In her first 100 days, Davis said she would engage in a listening tour with members of the community and the department to ensure a smooth transition.

“Organizational change is very hard inside of a police department. … and certainly, when you’re bringing in an outside chief to lead the department, it can be hard on the officers. So I think a couple of things have to be done,” Davis said. “And that is meeting the officers, addressing their concerns, addressing any rumors that they hear, and just letting them know what your expectations are, what your plan is for the department, and just being as transparent as you can be with them when doing that.”

Davis said she believes there are three types of officers: About 10% are highly motivated and engaged, 80% aren’t very motivated but still do their jobs and 10% are never happy to be at work. She hopes to get the 80% reengaged.

“Morale is something that absolutely affects recruiting and retention. It affects officer wellness, all of those things. So morale has to be addressed,” Davis said.

She added that she intends to raise morale by giving officers support, training and resources essential to their roles while also minimizing the stigma associated with seeking counseling.

As she spoke, Davis also shared formative experiences with police during her childhood, including one traumatic incident when officers entered her home looking for her uncle.

“The next thing I know, I see my uncle flying off of the second-floor banister. They threw him over a set of stairs,” Davis said. “But I had other experiences with police. I had a school resource officer that was so kind and so involved in school that I knew all cops were not this way.”

She said these experiences propelled her to work in public service and also made her right for the job.

Abdul Pridgen

Pridgen pointed to his years of experience in various aspects of law enforcement, including as finance and personnel assistance chief in Fort Worth, Texas. There, Pridgen said he ensured the department never exceeded its budget and implemented recruiting strategies that led to an increase in diversity of over 80% in an academy class.

Of the four candidates, Pridgen is the only one who lives in the Bay Area or even the state, having most recently served as police chief in San Leandro.

“I have been in California for six years, so I’m very familiar with the way California policing works, and I can hit the ground running in Oakland,” Pridgen said.

Pridgen said he would change OPD’s culture by focusing on accountability, including positive accountability — regularly recognizing officers for exceptional work and also leading by example.

“I’m a person of unimpeachable integrity with strong principles, and I always do the right thing,” Pridgen said. “I’m fair, I’m honest and I’m just. And that’s what I want my employees to do when they interact with people inside the department and outside the department.”

Pridgen also observed that officers are usually the ones within departments that are held accountable for wrongdoing, rather than higher-ups. He outlines an idea he called “trickle-down accountability.”

“When assistant chiefs and deputy chiefs and captains recognize that their missteps or their oversight to address things that are occurring with their direct reports will ultimately cause them to be held accountable, they’re more likely to hold those below them accountable,” Pridgen said.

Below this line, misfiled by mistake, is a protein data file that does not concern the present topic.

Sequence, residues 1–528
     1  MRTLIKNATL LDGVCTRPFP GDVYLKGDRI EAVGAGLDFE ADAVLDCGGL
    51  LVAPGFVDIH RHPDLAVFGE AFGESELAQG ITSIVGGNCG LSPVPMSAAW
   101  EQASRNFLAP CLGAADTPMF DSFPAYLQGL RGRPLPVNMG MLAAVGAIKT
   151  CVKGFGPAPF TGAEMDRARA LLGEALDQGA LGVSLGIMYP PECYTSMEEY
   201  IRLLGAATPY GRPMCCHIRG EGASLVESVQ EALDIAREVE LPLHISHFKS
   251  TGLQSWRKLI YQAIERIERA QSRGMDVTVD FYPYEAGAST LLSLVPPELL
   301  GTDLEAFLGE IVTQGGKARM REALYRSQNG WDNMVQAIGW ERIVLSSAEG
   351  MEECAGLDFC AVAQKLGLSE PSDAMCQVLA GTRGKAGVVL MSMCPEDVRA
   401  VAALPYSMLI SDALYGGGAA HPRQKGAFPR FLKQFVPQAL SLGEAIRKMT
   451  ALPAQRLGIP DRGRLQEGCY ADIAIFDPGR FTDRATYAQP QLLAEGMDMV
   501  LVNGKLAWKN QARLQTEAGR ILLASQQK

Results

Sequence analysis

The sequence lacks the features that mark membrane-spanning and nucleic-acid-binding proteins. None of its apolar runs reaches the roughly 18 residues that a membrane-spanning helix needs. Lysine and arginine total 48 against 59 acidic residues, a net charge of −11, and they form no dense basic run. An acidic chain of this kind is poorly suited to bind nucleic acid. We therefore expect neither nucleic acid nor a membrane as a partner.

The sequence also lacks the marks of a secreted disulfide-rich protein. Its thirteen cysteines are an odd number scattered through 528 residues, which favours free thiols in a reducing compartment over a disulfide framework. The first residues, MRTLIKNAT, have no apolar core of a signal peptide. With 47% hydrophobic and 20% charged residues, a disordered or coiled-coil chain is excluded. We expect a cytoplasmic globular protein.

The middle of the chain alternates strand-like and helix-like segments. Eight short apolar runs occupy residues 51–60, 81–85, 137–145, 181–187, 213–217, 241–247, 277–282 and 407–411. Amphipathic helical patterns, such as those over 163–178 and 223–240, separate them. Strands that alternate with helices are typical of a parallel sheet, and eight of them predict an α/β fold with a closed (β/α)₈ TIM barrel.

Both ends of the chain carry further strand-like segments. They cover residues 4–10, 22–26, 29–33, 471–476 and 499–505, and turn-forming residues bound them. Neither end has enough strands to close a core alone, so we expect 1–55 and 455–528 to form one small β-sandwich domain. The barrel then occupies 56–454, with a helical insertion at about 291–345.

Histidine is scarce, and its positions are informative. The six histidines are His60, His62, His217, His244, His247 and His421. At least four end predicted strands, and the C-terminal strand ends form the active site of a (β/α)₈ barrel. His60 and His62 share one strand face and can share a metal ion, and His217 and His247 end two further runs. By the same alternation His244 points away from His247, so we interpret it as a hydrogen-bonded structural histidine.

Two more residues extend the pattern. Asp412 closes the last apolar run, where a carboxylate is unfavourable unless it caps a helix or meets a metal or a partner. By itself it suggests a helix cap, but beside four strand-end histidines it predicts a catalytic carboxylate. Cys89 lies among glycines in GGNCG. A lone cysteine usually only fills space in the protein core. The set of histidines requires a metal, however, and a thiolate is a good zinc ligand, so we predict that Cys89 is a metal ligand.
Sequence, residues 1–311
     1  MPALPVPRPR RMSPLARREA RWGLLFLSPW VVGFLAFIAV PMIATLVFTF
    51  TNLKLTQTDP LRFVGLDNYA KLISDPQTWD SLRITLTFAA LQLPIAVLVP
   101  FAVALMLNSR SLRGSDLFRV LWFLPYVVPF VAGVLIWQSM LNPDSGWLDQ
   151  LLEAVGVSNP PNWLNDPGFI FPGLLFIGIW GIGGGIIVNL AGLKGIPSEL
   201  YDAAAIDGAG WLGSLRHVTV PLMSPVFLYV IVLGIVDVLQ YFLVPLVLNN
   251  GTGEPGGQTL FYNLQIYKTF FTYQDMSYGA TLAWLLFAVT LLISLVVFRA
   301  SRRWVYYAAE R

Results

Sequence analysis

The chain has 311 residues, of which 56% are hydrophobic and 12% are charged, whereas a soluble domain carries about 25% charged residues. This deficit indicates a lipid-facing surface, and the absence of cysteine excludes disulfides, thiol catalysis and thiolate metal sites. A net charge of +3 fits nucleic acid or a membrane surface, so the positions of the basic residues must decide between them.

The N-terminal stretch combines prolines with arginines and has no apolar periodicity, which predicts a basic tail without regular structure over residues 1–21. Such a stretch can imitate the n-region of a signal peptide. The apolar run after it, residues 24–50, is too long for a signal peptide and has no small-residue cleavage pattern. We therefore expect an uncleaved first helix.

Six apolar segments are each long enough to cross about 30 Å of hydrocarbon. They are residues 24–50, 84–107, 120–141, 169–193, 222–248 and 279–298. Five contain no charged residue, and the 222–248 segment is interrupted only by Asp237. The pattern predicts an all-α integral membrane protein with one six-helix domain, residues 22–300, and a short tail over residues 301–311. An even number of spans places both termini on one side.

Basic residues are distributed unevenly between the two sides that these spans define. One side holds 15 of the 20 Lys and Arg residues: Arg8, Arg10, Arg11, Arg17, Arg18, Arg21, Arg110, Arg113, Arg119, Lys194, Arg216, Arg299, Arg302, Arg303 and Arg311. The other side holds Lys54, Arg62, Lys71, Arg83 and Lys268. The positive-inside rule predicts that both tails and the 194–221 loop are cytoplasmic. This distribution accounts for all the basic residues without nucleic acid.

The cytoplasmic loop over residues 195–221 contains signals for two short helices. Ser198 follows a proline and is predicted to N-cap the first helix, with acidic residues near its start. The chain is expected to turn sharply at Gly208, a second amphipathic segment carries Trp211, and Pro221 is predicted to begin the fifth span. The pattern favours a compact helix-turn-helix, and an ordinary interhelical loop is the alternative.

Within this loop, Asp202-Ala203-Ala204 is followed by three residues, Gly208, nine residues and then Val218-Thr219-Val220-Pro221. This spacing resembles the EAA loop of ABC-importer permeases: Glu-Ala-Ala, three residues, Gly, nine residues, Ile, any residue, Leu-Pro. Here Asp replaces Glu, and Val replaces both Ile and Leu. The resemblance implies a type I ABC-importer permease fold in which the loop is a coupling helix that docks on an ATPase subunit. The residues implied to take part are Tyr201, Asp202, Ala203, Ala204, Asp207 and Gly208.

It’s worth noting that Pridgen resigned from his post in San Leandro last week amid allegations that he violated department policies. City officials have not said which policies were violated.

Floyd Mitchell

Mitchell pointed to his background, growing up in a diverse metropolitan area with policing issues related to Black and brown communities, as instructive in helping him learn about “true constitutional and procedurally just policing.”

Mitchell said in his time as police chief in the cities of Lubbock and Temple, Texas, he learned to work effectively with neighborhood and community groups like the NAACP.

Similar to Davis, Mitchell expressed belief in the idea that increased personal and professional support of officers will translate into better treatment of residents. Mitchell said he also believes that officers must be instilled with the idea that accountability is their responsibility.

“Our officers have to know that there is a duty to intervene. If they see someone violating policy, it’s their responsibility to make sure that that information is reported to their supervisor,” Mitchell said.

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Mitchell drew parallels between his experience with the Kansas City Police Department in Missouri and Oakland’s ongoing federal monitor’s work and civilian oversight provided by the Police Commission.

“I understand the process and all the parties that are involved in the Oakland pyramid,” Mitchell said. “I feel comfortable that I would be able to come into this situation and understand that all of us have our individual parts and pieces that we bring to the table in regards to how we hold people accountable and work together.”

Still, local reports indicate that Mitchell resigned from his recent position as chief shortly after a closed-door city council session where he was the subject, although details of the meeting remain undisclosed. Under his leadership, Lubbock’s 911 response operations were also criticized for the increased number of abandoned calls, where callers hung up before reaching a dispatcher.